Ask A Doctor: Pap Smear

Welcome to Ask a Doctor! Every week we’ll be asking our CarePoint Health doctors some questions that we’d all like to know the answers to.

This week we have a return guest, Doctor Osbert Fernandez MD, FACOG, FAAFP. He’s one of our OBGYN specialists in Hoboken with an interest in high risk obstetrics and minimally invasive gynecological surgery. This week he’s answering our questions about Pap smears.



Osbert Fernandez MD, FACOG, FAAFP



Q: What is a Pap smear?


A: The Pap smear is a test used to screen women for precancerous or cancerous

lesions of the cervix. The purpose of the test is to identify women with early

stages of cervical disease. If the disease is identified early, appropriate

treatments can be applied and cervical cancer can be avoided.


Q: How is a Pap smear performed?


A: The Pap smear is one component of the gynecological exam. A speculum is

inserted into the vagina, the cervix is visualized with a light source and the cells

from the cervix are sampled using a medical brush. The specimen is then sent to

a pathologist for evaluation.


Q: Do all women need to get a Pap smear? If so, how often?


A: In the United States, cervical cancer screening is usually recommended at

21 years of age and if the results are normal, screening should occur every

3 years. For women 65 years and older who have a history of normal Pap

smears, screening may stop. If at any age the Pap smear is abnormal, screening

may need to occur more frequently, perhaps yearly or as your doctor deems

necessary. If the patient has had a hysterectomy (removal of uterus and

cervix) they do not need a Pap smear unless the cervix was removed due to a

cancerous condition, the surgery was subtotal and the cervix was left behind, or

the patient was exposed to diethylstilbestrol while in utero. If you have a history

of HIV or if your immune system is compromised, you may need to be screened

more frequently. I would also like to stress that the while Pap smear, if normal,

should be done every three years, a gynecological exam should be performed

yearly. If you have any questions you should consult your physician.


Q: What information about my health can be learned from a pap smear?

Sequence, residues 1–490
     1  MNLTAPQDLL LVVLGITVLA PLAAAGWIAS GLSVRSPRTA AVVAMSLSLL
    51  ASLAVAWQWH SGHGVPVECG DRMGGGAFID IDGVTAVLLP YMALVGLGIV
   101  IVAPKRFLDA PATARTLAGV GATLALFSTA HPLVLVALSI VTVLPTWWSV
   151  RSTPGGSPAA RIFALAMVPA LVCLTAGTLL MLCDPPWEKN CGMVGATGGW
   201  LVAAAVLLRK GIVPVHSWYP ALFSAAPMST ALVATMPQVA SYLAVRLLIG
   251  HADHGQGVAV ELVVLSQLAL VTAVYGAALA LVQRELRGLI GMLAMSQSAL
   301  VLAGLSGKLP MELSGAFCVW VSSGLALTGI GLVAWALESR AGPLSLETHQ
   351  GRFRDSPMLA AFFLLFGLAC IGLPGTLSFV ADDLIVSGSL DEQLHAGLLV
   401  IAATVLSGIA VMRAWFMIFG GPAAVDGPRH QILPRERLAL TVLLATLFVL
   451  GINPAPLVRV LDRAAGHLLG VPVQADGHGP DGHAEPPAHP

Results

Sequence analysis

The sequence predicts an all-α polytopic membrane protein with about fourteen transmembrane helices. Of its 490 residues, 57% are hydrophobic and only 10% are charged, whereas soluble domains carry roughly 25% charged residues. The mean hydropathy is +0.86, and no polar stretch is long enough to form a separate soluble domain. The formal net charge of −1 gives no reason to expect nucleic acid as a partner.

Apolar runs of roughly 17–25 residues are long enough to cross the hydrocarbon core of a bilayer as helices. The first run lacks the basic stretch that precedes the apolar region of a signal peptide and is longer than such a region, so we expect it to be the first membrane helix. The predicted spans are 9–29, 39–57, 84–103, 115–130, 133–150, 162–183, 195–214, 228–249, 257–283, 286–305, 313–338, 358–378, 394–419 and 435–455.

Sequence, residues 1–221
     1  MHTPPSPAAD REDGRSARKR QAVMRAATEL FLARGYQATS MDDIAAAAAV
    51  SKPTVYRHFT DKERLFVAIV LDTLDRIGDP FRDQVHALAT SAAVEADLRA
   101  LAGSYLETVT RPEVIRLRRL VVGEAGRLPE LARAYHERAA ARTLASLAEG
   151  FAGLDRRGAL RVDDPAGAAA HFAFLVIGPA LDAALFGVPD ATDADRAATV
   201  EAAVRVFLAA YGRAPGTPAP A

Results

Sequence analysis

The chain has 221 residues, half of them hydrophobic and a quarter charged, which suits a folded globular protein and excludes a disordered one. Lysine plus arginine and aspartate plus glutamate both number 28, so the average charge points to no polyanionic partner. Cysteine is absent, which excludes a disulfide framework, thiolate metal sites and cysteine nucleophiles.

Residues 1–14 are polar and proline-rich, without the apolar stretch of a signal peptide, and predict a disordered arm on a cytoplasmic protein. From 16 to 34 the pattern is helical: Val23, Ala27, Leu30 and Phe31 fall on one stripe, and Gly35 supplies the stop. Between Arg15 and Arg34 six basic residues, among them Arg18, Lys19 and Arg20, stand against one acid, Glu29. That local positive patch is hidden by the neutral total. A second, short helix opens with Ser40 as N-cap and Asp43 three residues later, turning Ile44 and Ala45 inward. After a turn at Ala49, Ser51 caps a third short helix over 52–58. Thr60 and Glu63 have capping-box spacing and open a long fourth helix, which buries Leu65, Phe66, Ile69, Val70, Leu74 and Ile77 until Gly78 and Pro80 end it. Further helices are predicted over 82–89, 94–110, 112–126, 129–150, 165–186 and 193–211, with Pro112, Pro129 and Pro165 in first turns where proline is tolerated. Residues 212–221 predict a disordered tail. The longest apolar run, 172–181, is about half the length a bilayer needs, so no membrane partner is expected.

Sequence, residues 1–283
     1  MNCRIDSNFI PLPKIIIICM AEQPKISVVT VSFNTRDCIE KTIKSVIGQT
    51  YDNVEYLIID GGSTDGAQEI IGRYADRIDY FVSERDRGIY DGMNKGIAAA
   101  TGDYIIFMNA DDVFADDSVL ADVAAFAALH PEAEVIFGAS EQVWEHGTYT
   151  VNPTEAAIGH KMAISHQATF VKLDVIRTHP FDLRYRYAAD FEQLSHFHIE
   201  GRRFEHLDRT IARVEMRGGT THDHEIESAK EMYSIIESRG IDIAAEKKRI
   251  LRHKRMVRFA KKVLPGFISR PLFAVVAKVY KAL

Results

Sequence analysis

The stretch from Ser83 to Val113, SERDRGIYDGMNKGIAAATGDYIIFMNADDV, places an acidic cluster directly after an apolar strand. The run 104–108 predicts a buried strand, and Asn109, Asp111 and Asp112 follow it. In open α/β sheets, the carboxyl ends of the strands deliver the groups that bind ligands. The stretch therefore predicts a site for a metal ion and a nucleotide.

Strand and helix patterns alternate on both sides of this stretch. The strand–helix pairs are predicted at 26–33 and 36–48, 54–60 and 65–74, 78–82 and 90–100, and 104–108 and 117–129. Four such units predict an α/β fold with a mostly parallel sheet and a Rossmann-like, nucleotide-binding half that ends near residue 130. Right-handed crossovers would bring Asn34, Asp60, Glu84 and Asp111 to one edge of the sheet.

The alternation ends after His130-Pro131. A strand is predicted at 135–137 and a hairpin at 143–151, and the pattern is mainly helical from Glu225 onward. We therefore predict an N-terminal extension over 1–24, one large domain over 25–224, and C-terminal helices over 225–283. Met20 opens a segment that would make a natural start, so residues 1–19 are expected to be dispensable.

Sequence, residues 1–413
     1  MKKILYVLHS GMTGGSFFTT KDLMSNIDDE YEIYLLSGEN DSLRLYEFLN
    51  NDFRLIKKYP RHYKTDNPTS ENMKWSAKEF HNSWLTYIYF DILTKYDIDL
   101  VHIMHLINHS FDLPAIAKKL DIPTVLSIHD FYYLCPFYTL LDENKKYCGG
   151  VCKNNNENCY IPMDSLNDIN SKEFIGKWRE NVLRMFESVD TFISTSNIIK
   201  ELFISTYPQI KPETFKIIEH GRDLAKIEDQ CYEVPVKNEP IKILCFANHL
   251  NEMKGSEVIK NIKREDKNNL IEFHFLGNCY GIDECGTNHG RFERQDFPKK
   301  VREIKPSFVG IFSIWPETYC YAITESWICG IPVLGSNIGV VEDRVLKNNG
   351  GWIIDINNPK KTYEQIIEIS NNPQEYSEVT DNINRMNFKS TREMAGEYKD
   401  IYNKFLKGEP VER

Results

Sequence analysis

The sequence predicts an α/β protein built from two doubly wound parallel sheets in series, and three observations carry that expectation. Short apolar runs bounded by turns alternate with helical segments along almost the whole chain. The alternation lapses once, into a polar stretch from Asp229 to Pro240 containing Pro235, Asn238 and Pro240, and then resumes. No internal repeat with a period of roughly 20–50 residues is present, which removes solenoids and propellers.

A: The results of the Pap smear are usually reported by the pathologist. The

reports can come back ranging from normal, atypical, low grade, high grade,

precancerous to cancerous lesions. The treatment and follow up depends on the

results obtained.


Q: If I receive an abnormal result, what is the next step?


A: If your results are normal, the follow up should be routine. If abnormalities

have been identified, further evaluation is necessary. The first step in the

evaluation is a colposcopy. This exam allows your doctor to look at the cervix

with a microscope and try to identify the area of the cervix that is responsible for

the abnormal cells collected at the time of the Pap smear. If abnormal areas are

identified, biopsies may be obtained. If the colposcopy changes the diagnosis,

other testing such as a LEEP procedure may be needed.


Osbert Fernandez, MD, FACOG, FAAFP is a graduate of St. George’s University

School of Medicine. He completed his Obstetrics and Gynecology residency at

St. Vincent’s Hospital and Medical Center in New York City where he served

as Chief Resident in 2003. He is dual board certified in Family Practice and

Obstetrics and Gynecology. Dr. Fernandez is an Attending Physician with

CarePoint Medical Group, serves as Associate Director of the Department of

Obstetrics and Gynecology at Hoboken University Medical Center and is an

Assistant Clinical Professor at New York Medical College in the Department of

Family Medicine.


Dr. Fernandez has special interest in high risk obstetrics and minimally invasive

gynecological surgery. He is certified by the North American Menopause Society

(NAMS) for his commitment to menopausal health. He is currently the Principal

Investigator for the Violet Petal Study a phase 3 clinical trial for the treatment

of severe endometriosis. He has won various teaching awards, and in 2003 he

was awarded a Humanitarian Award for his dedication to women’s health. Dr

Fernandez is fluent in Spanish.


Please visit our website to read Dr. Fernandez’s profile and take a minute to check out our page on Women and Children’s Health.


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